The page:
Digital Transformation and Cloud Transformation are phrases that I hear bandied around at nearly every large organization that I currently doing consulting work for.
Yet, in so many cases, I can't see the organization achieving the changes required. This is for two core reasons:
- The first is that the culture within the organizations is a major hurdle. There just isn't enough flexibility to think outside the box about alternative ways to work.
- Worse (and probably more concerning), I see these companies taking advice on how to make these transformations from companies who don't themselves "get it".
An organization that is cloud-antagonistic internally, and stuck in an endless IT management quagmire, isn't likely to make a good cloud transformation, and they're certainly not going to be a successful partner to be able to help you to make a successful cloud migration or to implement a cloud transformation within your company.
An organization that doesn't use business intelligence (BI) or analytics internally isn't going to be able to help you make that transition either.
If the organization is claiming to be proficient in an area of technology, ask them about the use that they are making themselves of those same technologies. As a simple example, ask them about their internal analytics that they can see on their own phones.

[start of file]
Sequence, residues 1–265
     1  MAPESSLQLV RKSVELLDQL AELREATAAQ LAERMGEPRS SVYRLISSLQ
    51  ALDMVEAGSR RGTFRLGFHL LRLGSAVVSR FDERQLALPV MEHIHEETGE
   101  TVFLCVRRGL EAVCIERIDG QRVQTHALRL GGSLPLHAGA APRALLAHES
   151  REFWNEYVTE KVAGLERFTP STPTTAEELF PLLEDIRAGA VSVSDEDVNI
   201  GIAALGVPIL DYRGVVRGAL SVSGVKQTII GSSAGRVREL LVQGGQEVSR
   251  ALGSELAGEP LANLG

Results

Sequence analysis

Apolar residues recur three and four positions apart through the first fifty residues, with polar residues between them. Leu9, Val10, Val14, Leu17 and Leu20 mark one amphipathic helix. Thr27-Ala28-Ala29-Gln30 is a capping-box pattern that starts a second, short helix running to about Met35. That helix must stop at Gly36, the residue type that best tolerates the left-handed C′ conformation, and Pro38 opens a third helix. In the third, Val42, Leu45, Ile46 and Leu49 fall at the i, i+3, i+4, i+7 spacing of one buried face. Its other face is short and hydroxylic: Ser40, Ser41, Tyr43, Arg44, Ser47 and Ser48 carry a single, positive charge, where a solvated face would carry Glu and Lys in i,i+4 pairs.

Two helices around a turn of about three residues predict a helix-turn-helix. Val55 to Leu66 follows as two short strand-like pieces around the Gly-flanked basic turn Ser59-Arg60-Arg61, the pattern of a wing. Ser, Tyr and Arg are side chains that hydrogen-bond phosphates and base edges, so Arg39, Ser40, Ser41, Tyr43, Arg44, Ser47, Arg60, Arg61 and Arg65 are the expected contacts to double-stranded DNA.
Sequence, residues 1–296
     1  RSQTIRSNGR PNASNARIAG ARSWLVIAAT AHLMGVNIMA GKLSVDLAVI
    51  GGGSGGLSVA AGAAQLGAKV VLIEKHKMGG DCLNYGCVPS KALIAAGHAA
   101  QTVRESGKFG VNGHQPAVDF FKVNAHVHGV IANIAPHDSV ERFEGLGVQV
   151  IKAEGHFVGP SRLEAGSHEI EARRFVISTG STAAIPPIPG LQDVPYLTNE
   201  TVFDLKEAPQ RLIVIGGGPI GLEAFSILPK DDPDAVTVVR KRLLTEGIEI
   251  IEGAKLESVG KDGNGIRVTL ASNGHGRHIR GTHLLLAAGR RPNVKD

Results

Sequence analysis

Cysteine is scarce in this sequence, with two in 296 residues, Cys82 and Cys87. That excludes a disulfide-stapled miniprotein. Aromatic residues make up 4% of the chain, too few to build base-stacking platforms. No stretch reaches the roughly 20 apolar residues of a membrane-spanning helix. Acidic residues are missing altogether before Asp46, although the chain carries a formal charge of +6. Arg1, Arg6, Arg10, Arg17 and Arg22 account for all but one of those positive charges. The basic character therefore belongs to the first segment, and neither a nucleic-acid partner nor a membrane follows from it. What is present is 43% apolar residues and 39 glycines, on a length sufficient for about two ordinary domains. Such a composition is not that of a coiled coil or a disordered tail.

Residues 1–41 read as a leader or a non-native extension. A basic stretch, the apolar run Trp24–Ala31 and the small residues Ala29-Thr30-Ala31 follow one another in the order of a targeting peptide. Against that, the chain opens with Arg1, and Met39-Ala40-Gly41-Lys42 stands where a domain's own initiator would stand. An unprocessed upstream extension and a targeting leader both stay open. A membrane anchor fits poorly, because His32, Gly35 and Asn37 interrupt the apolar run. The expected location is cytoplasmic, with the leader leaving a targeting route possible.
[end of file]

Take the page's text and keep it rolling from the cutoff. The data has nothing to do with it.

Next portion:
To be any good at any of these areas of technology, companies need to live and breathe them daily. If they don't, find someone to help you who does.
In recent months, I’ve been brushing up my R skills. I’ve had a few areas of interest in this:
* R in Azure Machine Learning
* R in relation to Power BI and general analytics
* R embedded (somewhat) in SQL Server 2016
As a client tool, I’ve been using RStudio. It’s been good and very simple but it’s a completely separate environment. So I was excited when I saw there was to be a preview of new R tooling for Visual Studio.
I’ve been using a pre-release version of R Tools for Visual Studio for a short while but I’ve already come to quite like it. It’s great to have this embedded directly within Visual Studio. I can do everything that I used to do in RStudio but really like the level of Intellisense, etc. that I pick up when I’m working in R Tools for Visual Studio.
So today I was pleased to see the announcement that these tools have gone public. You’ll find more info here in today’s post from Shahrokh Mortazavi in the Azure Machine Learning blog: https://blogs.technet.microsoft.com/machinelearning/2016/03/09/announcing-r-tools-for-visual-studio-2/
Hi Folks, we’ve been working hard on a new Azure Machine Learning course.
Come and spend a solid day finding out why Azure Machine Learning should be part of your arsenal.
Our first Melbourne offering of Azure Machine Learning Core Skills is 31st July. I’d love to see you there:
Have you looked into Azure Machine Learning as yet?
If not, this might help. It’s a free eBook on getting started with it. Click the book to follow the link: